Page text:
Revisited: Initial thoughts and observations of a strange world not all that unlike my own

Update: I’ve gone back through this post and made a few corrections and improved the flow. The thoughts and observations, however, remain as I wrote them in August 2009.

How does I start a journal (or blog, in this instance) about something as life-molding as the series of events presently unknown that will unfold before my eyes in this foreign place? Where do I begin? This heady experience can obscure the simple fact that although the mind is reeling, the body is still on solid ground, and one should proceed accordingly. So, following my own advice, here goes nothing…

Although it feels like I’ve been here for months, only a week has elapsed since my plane touched down on the dusty tarmac of Silvio Pettirossi International Airport in Asunción, Paraguay.

I arrived on August 7th, 2009 around noon after an exasperating 24 hour journey that took me from Atlanta to Miami, Miami to Buenos Aires, and then finally from Buenos Aires to Asunción. I was met by my employer’s driver at the airport and was told that he would take me over to a hotel to meet with my cousin’s husband who was in the country. Upon entering the driver’s beat up Nissan four-wheeler, tossing my luggage in the back, and getting on the streets, my first thought was of India. (I had briefly toured the Southeast-Asian giant for 12 days. It was my first experience of the third world). I identified the dusty, sun-bleached roads with my first experience riding through Delhi. Men and women of all ages, milling around in the heat, selling this or transporting that. A bustling but not thriving economy supported largely by the domestic sector, seemingly primitive due to the bizarre but ubiquitous copy-cat versions of Western society and mixed with a social exhaustion attributed to one failed government after another.

As I rode in the truck I realized something indelibly linked to this society, something that would would stick with me through both my experiences in Paraguay and Nicaragua: there are very few traffic laws, or really any laws that are followed to the T. And now that I think about, this is a common theme among many developing countries, along with lack of infrastructure, as well as lack of social equality, but that’s another story. As my mind kept making comparisons to India, I realized that Paraguay was much cleaner and much less populated.  But apparitions of the crowded Indian capital followed me all the way to South America.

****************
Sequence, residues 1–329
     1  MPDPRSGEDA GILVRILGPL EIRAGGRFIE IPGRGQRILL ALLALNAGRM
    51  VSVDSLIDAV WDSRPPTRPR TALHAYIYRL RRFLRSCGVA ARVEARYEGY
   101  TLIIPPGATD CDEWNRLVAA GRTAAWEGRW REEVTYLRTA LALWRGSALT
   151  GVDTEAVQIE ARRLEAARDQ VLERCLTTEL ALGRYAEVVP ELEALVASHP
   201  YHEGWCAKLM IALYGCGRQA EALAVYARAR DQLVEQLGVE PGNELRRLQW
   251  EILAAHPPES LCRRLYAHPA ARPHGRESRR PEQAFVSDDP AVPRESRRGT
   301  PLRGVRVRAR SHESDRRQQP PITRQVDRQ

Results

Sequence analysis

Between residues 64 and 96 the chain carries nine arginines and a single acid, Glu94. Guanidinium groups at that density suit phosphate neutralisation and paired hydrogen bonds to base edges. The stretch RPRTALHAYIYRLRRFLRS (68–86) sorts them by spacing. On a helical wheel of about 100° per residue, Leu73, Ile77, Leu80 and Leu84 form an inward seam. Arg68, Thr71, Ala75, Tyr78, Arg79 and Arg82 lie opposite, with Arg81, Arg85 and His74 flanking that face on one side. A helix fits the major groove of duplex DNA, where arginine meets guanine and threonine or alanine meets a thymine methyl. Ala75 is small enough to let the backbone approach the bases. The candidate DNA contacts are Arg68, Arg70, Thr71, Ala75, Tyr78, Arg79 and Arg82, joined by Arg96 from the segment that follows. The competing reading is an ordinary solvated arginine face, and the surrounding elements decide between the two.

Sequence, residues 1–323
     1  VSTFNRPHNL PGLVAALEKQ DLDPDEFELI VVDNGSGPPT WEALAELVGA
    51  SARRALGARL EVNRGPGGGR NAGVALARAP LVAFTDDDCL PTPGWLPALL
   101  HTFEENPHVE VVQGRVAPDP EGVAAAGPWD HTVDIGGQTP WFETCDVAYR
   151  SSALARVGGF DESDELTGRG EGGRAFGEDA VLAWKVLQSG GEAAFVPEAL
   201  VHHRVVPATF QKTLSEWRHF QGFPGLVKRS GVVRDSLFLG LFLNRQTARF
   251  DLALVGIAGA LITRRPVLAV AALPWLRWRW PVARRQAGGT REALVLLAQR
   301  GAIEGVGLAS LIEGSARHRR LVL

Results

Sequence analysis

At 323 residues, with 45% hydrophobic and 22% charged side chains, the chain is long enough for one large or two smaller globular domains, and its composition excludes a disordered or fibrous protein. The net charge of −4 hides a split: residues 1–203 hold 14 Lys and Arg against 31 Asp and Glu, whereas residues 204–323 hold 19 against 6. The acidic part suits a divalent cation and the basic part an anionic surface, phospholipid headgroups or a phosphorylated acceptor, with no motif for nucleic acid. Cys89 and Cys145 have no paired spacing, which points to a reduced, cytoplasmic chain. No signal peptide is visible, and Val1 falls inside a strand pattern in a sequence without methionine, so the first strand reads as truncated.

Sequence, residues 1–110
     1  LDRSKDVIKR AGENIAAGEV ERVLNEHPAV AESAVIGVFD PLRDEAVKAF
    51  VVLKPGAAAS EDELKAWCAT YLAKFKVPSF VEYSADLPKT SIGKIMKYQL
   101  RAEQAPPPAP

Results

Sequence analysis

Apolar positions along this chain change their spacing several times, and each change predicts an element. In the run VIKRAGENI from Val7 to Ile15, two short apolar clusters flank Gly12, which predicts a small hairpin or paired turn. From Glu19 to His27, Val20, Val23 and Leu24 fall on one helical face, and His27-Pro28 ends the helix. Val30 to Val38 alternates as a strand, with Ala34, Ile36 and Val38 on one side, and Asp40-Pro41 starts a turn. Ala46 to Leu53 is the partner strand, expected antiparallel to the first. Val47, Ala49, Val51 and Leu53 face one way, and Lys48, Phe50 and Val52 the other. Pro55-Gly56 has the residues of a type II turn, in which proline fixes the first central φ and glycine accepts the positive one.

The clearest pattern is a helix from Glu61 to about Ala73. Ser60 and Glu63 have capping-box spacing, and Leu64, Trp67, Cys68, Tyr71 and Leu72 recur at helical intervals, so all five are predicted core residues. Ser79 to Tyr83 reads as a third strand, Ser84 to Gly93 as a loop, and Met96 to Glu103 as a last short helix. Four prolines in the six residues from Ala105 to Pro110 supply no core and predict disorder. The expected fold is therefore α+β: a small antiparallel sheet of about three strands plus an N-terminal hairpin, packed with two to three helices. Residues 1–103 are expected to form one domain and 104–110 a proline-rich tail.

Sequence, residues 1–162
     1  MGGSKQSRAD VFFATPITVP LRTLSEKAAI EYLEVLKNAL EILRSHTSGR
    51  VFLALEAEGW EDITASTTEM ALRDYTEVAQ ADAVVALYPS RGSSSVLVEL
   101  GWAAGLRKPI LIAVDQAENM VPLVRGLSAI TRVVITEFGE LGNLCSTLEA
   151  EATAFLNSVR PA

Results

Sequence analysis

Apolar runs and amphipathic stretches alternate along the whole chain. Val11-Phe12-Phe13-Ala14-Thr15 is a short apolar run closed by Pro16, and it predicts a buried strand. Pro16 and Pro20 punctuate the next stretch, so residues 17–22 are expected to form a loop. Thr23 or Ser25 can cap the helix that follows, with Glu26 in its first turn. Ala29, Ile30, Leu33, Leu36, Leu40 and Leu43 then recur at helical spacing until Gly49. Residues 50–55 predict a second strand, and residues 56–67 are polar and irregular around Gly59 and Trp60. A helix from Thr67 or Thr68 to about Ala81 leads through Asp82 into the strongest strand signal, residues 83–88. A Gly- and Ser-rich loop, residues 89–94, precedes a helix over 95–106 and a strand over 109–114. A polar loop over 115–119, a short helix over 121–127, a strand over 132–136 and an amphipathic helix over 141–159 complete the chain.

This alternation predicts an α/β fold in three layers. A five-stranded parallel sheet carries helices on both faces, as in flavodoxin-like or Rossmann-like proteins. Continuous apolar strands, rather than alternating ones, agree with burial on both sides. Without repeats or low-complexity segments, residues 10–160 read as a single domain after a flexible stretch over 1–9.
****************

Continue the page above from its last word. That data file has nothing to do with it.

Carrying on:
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As I learned the next morning, people here rise very early and to a comfort-obsessed American like me, there was no respite from this enduring, nagging somnolence. “No more siestas“, as host family would tell me. Apparently the Paraguayans found that they could make more money if they didn’t sleep in the middle of the day. On top of getting up before the rooster crows, Paraguayans seem to eat very little for breakfast, choosing tereré (ice cold version of the Argentine mate) or a light café instead. There is reprieve though. It comes in the form of a big family lunch. Think of our dinner time meal, just at noon. And move that small noon time meal to around 9 pm and you have Paraguayan dinner.

While I’m on the topic of food: Everyone here drinks Coke in polite company or as a means of welcoming a guest. My requests for water were met with confusion. McDonald’s is big here too. We had it for dinner the other night, complete with nice plates and a set table. For McDonald’s. That may seem odd for us Americans, but McDonald’s doesn’t have the same lower class stigma here as it does at home.

Anyways, not all of this strangeness is abrasive or unwieldy. I find the house I’m living in to be quaint and cozy. Its exterior walls look like thick white papier-mâché, and there is a rooftop terrace that I can climb to in order to see the street and houses around me. Doors leading outside are almost always open, as are the windows, even when it is cold. Almost everyone owns a camioneta, or an offroad type vehicle like an SUV or truck with knobby tires and accessory headlamps installed in the grille. There is no central heating, much like how there is no central air conditioning in New England, because the respective temperature extremes (cold and hot) occur only once or twice a year.

The demographics as I’ve seen them so far point towards a persisting European influence. There are a good number of people here that could pass for American. Because of this, everyone talks to me in Spanish since I look like I fit in. I guess this is good and bad. Good because it forces me to use my Spanish, and bad because it forces me to use my Spanish. Go figure.

All of this is mulling around in my head, and I can’t make heads or tails of much of it, but one thing I know for certain is that this experience will stay with me for life.

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